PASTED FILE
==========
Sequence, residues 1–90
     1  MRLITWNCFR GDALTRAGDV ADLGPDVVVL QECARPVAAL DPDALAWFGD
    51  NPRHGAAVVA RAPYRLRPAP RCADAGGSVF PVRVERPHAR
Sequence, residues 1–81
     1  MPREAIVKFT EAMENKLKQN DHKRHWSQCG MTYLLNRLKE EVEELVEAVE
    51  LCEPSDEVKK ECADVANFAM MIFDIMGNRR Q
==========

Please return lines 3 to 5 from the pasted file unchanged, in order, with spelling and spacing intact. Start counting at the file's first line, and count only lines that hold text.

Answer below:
    51  NPRHGAAVVA RAPYRLRPAP RCADAGGSVF PVRVERPHAR
Sequence, residues 1–81
     1  MPREAIVKFT EAMENKLKQN DHKRHWSQCG MTYLLNRLKE EVEELVEAVE